Google uses algorithms to recruit and retain more women. Does it work?
Women are significantly underrepresented in technology, and especially in leadership positions at technology companies, and they shouldn’t be. “Having women leaders is not just a question of equity or somehow ticking the box,” said Sylvia Ann Hewlett, who studies gender diversity and business at Columbia University and is president of the Center for Talent Innovation. “Particularly at technology companies, it really does contribute to innovation and a company’s ability to exploit new markets.” (1) The scarcity of women, not only in top leadership roles, but the businesses themselves, reflect what is, over all, a male-driven engineering culture.
Google’s efforts discovered four points of concern according to the NY Times Article 8/22:
- Some women who applied for jobs did not make it past the phone interview. The reason was that the women did not flaunt their achievements, so interviewers judged them unaccomplished. Google now asks interviewers to report candidates’ answers in more detail.
- Google also found that women who turned down job offers had interviewed only with men. Now, a woman interviewing at Google will meet other women during the hiring process.
- Once hired, technical women were not being promoted at the same rate as men. At Google, employees nominate themselves for promotions, but the data revealed that women were less likely to do so. So senior women at Google now host workshops to encourage women to nominate themselves, and they are promoted proportionally to men.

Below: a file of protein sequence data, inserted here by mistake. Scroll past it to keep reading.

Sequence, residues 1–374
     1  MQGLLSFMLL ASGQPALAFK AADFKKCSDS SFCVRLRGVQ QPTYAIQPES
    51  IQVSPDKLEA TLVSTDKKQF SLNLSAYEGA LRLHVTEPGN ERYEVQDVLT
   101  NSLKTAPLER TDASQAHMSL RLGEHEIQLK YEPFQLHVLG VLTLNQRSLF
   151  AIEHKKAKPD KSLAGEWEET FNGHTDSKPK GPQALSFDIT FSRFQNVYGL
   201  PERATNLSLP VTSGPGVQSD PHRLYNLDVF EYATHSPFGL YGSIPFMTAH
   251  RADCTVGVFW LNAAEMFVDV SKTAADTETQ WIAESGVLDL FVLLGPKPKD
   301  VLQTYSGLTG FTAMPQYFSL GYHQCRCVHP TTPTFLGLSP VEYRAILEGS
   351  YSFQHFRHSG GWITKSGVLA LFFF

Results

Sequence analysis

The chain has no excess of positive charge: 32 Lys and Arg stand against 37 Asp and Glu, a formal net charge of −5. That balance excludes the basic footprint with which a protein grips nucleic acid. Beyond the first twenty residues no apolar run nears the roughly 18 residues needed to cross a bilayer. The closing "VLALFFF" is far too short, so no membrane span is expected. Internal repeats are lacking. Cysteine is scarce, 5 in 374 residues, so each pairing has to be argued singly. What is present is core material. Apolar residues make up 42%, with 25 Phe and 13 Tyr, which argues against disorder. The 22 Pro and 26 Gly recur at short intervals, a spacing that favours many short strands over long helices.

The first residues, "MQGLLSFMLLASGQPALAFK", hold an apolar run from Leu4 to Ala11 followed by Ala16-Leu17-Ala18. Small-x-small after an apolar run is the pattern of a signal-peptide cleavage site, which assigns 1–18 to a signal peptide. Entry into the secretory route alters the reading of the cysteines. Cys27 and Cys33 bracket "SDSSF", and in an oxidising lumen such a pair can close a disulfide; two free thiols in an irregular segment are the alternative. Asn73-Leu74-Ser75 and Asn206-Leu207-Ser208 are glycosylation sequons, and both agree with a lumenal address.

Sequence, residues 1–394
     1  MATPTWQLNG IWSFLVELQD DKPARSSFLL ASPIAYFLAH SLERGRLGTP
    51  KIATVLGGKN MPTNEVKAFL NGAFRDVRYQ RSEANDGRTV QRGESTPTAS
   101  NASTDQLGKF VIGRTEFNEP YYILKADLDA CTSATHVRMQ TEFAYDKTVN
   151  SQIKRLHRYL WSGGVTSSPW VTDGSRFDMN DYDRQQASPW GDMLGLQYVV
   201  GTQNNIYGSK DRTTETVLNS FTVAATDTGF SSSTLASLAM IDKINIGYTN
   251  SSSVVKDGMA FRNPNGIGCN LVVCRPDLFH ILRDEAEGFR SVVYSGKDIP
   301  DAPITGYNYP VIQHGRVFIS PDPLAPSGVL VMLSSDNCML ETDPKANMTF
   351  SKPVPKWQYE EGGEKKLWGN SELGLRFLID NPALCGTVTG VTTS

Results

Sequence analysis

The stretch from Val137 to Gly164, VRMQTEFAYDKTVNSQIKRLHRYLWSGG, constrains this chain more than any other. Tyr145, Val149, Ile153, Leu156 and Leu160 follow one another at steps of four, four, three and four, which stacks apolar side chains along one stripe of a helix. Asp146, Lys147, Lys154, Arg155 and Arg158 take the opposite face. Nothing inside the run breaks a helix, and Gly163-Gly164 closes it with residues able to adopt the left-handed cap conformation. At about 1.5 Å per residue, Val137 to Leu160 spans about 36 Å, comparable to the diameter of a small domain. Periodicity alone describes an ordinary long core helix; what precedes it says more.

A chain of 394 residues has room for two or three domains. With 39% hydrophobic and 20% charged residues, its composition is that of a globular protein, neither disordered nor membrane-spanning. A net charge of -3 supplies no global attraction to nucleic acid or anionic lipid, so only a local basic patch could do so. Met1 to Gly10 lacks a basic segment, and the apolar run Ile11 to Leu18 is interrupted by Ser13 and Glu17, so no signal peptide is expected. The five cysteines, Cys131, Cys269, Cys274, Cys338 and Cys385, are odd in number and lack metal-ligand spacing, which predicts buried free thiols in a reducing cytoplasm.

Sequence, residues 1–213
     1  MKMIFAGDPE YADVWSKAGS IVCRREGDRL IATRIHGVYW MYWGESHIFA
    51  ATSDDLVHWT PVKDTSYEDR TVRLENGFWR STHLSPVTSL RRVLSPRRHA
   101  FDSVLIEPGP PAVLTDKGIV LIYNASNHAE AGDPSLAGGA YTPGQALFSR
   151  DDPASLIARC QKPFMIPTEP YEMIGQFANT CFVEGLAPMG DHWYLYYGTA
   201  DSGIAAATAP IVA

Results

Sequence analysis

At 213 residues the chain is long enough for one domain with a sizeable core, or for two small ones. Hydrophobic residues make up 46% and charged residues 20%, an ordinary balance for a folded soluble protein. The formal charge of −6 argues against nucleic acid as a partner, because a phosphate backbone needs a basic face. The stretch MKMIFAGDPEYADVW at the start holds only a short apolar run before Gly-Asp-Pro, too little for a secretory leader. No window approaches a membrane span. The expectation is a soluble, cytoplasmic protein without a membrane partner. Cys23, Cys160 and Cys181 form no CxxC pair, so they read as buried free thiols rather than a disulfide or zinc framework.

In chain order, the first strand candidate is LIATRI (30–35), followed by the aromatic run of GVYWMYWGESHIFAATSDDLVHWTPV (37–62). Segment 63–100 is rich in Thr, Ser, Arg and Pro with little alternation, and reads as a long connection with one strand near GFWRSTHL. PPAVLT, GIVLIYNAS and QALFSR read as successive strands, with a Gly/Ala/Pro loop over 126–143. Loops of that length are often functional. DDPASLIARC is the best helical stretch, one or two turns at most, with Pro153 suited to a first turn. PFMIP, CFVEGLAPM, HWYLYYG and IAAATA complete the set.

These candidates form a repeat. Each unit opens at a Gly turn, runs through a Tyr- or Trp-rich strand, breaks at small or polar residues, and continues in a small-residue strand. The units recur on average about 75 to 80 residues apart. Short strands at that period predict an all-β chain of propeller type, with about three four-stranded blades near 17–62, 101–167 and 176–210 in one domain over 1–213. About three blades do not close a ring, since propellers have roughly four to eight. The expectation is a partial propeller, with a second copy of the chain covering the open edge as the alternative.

- Another time Google was losing women was after they had babies. The attrition rate for postpartum women was twice that for other employees. In response, Google lengthened maternity leave to five months from three and changed it from partial pay to full pay. Attrition decreased by 50 percent.
As a result, Google claims more women are being hired and retained. This is good news, but it begs the question: will the “male-driven engineering” culture change? What are companies doing to influence and change the implicit biases that pervade our society and especially the tech industries? Can we use algorithms to target and improve the tech culture from it’s historically androcentric focus to an equitable environment? Maybe that is next on Google’s agenda.
Alan Eustace, senior vice president for knowledge at Google, says: “I wish we could say we’re amazingly successful and closing in on 50 percent women, but it’s not true.” Though I am glad to hear Google is making an effort, we all still have a long way to go in solving this problem.